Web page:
Additionally, the brand has rethought its marketing, focusing on Price as the founder and Price as the ongoing manager of the brand. (as opposed to other major L’Oreal brands like Maybelline, which typically sell online through third-party retailers).
“The ‘big L’Oreal model’ is the model that doesn’t fit Carol’s Daughter,” says Garrison. “We couldn’t operate like other L’Oréal brands. We had to stay indie and entrepreneurial, so we had to do things differently.”
This shift in strategy resonated during the pandemic. Salon closures forced consumers to spend more time experimenting and embracing natural textures. Garrison said Carol’s Daughter has grown steadily over the past three years, doubling her net sales. (The company declined to share current sales figures. L’Oréal does not break down individual brand sales.)
Garrison and Isar Hyacinth, L’Oréal’s European business development directors, said the brand hopes to double sales again over the next three years. And it depends on whether we can maintain relevance.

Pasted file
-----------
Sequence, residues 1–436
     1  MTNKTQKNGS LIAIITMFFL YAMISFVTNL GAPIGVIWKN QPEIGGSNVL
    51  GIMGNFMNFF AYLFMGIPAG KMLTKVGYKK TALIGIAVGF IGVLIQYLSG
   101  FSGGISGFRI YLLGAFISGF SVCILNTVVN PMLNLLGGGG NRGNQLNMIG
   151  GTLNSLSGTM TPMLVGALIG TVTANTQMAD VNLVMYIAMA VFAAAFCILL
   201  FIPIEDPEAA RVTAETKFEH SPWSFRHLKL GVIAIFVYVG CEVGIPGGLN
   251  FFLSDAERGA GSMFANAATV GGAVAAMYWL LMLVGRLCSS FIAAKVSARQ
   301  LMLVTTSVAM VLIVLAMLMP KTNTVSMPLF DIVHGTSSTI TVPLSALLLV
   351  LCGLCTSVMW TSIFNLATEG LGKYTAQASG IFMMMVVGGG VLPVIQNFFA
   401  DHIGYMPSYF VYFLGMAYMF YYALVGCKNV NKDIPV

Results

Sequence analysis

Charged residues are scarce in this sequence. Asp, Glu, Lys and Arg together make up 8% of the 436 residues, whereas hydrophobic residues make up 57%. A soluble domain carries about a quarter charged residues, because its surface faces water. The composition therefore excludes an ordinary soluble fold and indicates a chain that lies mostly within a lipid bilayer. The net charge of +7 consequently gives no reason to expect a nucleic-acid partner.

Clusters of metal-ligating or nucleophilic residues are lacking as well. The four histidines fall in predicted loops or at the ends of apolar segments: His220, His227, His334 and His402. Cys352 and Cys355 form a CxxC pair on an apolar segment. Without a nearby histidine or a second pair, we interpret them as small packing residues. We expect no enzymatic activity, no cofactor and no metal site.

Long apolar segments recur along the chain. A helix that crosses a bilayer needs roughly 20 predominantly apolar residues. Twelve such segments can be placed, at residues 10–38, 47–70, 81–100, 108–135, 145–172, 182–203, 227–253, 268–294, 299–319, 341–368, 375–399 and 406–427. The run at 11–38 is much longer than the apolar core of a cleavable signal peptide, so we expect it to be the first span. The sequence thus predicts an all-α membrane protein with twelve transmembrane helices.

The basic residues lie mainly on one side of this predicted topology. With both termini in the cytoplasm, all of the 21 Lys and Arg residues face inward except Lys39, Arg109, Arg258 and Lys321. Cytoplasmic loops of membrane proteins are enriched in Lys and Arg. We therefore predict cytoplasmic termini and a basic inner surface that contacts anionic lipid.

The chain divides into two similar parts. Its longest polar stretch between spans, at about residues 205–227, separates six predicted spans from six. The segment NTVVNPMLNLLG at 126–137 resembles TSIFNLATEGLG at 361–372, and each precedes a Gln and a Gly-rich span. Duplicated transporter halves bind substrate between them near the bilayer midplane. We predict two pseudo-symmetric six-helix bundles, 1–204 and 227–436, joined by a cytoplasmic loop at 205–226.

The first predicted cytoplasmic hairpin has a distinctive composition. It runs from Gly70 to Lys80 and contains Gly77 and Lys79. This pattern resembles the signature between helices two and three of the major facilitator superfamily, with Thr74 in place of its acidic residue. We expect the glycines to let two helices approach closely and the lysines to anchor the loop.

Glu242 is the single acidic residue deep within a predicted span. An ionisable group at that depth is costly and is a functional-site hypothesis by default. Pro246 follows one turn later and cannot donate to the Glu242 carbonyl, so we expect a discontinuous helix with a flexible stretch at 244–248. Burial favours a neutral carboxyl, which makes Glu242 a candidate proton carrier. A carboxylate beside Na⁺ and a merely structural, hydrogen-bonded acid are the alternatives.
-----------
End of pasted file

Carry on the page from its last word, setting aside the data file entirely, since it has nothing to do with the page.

Investing more in content creation for Tiktok and Snapchat is part of our strategy. In the coming weeks, the company will launch new series aimed at younger audiences, differentiating itself from its main line by emphasizing gender fluidity and hair experimentation.
The brand plans to replicate its recent US success in new markets. It landed in the UK this month through drugstore chain Superdrug and was brought to market in partnership with Haiti 73, a black-owned creative agency based in Paris and London. The brand is also in talks with black beauty stores, Hyacinthe said.
Next year, it plans to expand across Europe, starting with France, which has the largest black population in the region. This market is not easily divisible. The natural movement of hair has led to the proliferation of local brands such as Beauté Insolente, Mango Butterful and Secrets de Lolly. The brands received an investment from PE firm Kilvest Capital Partners earlier this year.
“We definitely know the competition is tough, so we have to be unique,” said Hyacinth. Emphasizing the brand’s “30 years of expertise” is also critical to its success, Hyacinthe said.